'''
def scale_list_to_range(list_to_scale, new_min, new_max):
    old_min = min(list_to_scale)
    old_max = max(list_to_scale)
    return [get_scaled_value(value, old_min, old_max, new_min, new_max) for 
            value in list_to_scale]


'''
Restrict the x range to something that's a multiple of the number of steps given
'''
def quantize_x_value(list_to_quantize, steps=0.5):
    quantized_x = []
    for x in list_to_quantize:
        quantized_x.append(round(steps * round(float(x) / steps), 2))
    return quantized_x

'''
Access the midisource.py file and set up the instrument sound
'''
def get_instrument(instrument_name):
    instrument_type = 'melodic'
    program_number = INSTRUMENTS.get(instrument_name.lower())
    if not program_number:
        program_number = PERCUSSION.get(instrument_name.lower())
        instrument_type = 'percussion'
        if not program_number:
            raise AttributeError('No instrument could be found by that name')
    return program_number - 1, instrument_type


'''
Define the key. As defined before, the percussion is a default. Otherwise it
will be necessary to use key_name_to_notes, make_first_number_match_key and
scale_list to_range to fit the range for other instruments.
line 140: Finding the index of the note closest to all the notes in the
options list
'''
def convert_to_key(data, key, number_of_octaves=4):
    instrument, instrument_type = None, None
    if type(data[0]) != tuple:
        instrument = data.pop(0)
        _, instrument_type = get_instrument(instrument)

    x, y = zip(*data)

    if instrument_type == 'percussion':
        new_y = y
    else:
        notes_in_key = key_name_to_notes(key, 
                                         number_of_octaves=number_of_octaves)

        transposed_y = make_first_number_match_key(y, notes_in_key)
        scaled_y = scale_list_to_range(transposed_y, new_min=min(notes_in_key), 
                                       new_max=max(notes_in_key))

        new_y = []
        for note in scaled_y:
            new_y.append(get_closest_midi_value(note, notes_in_key))

    processed_data = list(zip(x, new_y))

    if instrument:
        processed_data = [instrument] + processed_data

    return processed_data


'''
This function is applied to JSON data (in this case for climate data)
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The dataset can be found here: https://www.ncdc.noaa.gov/cag/global/time-series
You can dowload the JSON file or just write the link
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'''
def normalize_climate_data(climate_json):
    years = [int(year) for year in climate_json['data'].keys()]
    temp_anomolies = [float(temp_anomaly) for temp_anomaly in 
                      climate_json['data'].values()]

    normalized_years = scale_list_to_range(years, new_min=0, new_max=30)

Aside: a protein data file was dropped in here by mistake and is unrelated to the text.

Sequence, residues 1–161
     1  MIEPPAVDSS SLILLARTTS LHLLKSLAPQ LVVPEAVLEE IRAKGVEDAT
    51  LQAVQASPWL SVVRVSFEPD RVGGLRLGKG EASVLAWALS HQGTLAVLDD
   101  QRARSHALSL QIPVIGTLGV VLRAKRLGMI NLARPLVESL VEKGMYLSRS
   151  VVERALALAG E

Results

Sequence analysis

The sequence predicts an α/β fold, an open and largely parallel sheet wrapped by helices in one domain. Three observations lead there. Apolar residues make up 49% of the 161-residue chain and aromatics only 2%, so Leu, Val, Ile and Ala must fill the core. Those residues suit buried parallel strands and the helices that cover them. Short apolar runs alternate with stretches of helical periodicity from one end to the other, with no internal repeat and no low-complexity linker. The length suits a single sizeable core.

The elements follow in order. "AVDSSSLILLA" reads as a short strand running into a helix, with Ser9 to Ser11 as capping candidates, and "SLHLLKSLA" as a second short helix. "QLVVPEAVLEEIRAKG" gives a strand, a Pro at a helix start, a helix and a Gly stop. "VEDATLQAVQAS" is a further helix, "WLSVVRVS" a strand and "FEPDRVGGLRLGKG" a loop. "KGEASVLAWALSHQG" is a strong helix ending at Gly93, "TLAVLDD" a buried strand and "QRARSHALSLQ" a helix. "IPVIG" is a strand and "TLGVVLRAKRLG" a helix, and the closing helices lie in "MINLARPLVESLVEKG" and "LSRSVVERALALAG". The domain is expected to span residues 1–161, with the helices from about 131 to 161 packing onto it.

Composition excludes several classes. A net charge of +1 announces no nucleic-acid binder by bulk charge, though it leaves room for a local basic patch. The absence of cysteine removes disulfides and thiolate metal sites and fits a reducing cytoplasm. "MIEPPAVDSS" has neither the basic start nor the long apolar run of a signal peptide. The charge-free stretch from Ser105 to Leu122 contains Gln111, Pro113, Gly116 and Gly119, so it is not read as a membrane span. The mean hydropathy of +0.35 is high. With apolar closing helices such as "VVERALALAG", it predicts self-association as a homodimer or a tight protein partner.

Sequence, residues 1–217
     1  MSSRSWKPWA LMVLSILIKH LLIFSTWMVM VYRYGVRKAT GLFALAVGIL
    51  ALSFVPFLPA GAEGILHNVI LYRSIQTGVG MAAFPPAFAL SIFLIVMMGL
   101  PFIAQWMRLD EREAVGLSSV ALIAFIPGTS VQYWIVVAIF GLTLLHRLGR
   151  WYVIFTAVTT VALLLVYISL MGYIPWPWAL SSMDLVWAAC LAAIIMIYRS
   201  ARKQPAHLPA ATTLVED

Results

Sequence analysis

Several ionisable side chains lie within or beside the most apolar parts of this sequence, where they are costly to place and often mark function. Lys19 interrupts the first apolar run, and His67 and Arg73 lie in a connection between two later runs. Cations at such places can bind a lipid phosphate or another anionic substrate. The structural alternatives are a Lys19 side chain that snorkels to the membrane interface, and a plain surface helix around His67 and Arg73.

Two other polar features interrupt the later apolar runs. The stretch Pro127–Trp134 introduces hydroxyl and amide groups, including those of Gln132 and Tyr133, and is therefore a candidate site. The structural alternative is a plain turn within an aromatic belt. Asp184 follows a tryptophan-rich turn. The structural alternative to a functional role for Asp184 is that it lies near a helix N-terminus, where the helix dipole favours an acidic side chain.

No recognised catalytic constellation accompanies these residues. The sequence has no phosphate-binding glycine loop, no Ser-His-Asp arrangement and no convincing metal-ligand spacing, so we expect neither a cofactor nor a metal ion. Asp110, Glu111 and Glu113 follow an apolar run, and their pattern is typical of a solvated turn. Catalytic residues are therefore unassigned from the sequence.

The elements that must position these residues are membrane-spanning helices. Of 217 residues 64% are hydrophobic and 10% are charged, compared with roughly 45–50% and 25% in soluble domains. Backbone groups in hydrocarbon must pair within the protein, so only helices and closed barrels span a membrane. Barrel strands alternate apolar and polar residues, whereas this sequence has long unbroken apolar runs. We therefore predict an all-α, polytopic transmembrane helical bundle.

normalized_temp_anomolies = scale_list_to_range(temp_anomolies, new_min=30,
                                                    new_max=127)


    normed_climate_data = list(zip(normalized_years, normalized_temp_anomolies))
    
    return normed_climate_data


'''
Import df to list and certify we don't have NaN
With this code we generate a nested list of tuples for multitrack analisys
'''

def normalize_climate_multi(df):
    df = df.replace(np.nan, 0)

#From df to list: year is the key and the othe variables will be its values
    years_list = [int(year) for year in df['Date'].keys()]
    temperature_list = [float(temp) for temp in df['Temperature'].tolist()]
    conductivity_list = [float(conduct) for conduct in df['Conduct'].tolist()]
    salinity_list = [float(sal) for sal in df['Salinity'].tolist()]
    
#normalize data
    normalized_years_multi = scale_list_to_range(years_list, new_min=0, 
                                                 new_max=30)
    normalized_temp_multi = scale_list_to_range(temperature_list, new_min=30, 
                                                new_max=127)
    normalized_cond_multi = scale_list_to_range(conductivity_list, new_min=30, 
                                                new_max=127)
    normalized_sal_multi = scale_list_to_range(salinity_list, new_min=30, 
                                               new_max=127)
    
    normed_climate_multi = list(zip( normalized_years_multi, 
                                    normalized_temp_multi))
    normed_cond_multi = list(zip( normalized_years_multi, 
                                 normalized_cond_multi))
    normed_sal_multi = list(zip( normalized_years_multi, 
                                normalized_sal_multi))
    
    normed_multi = [normed_climate_multi]+[normed_cond_multi]+[normed_sal_multi]
    
    return(normed_multi)


'''
To use JSON with MIDItime library. It converts the df to a dictionary

'''
def csv_to_MIDITime_data(filename):
    mydata = []
    with open(filename, 'r') as f:
        reader=csv.reader(f)
        next(reader, None) #this is added only in case of a file with header
        for row in reader:
            mydict = {'days_since_epoch': float(row[0]) ,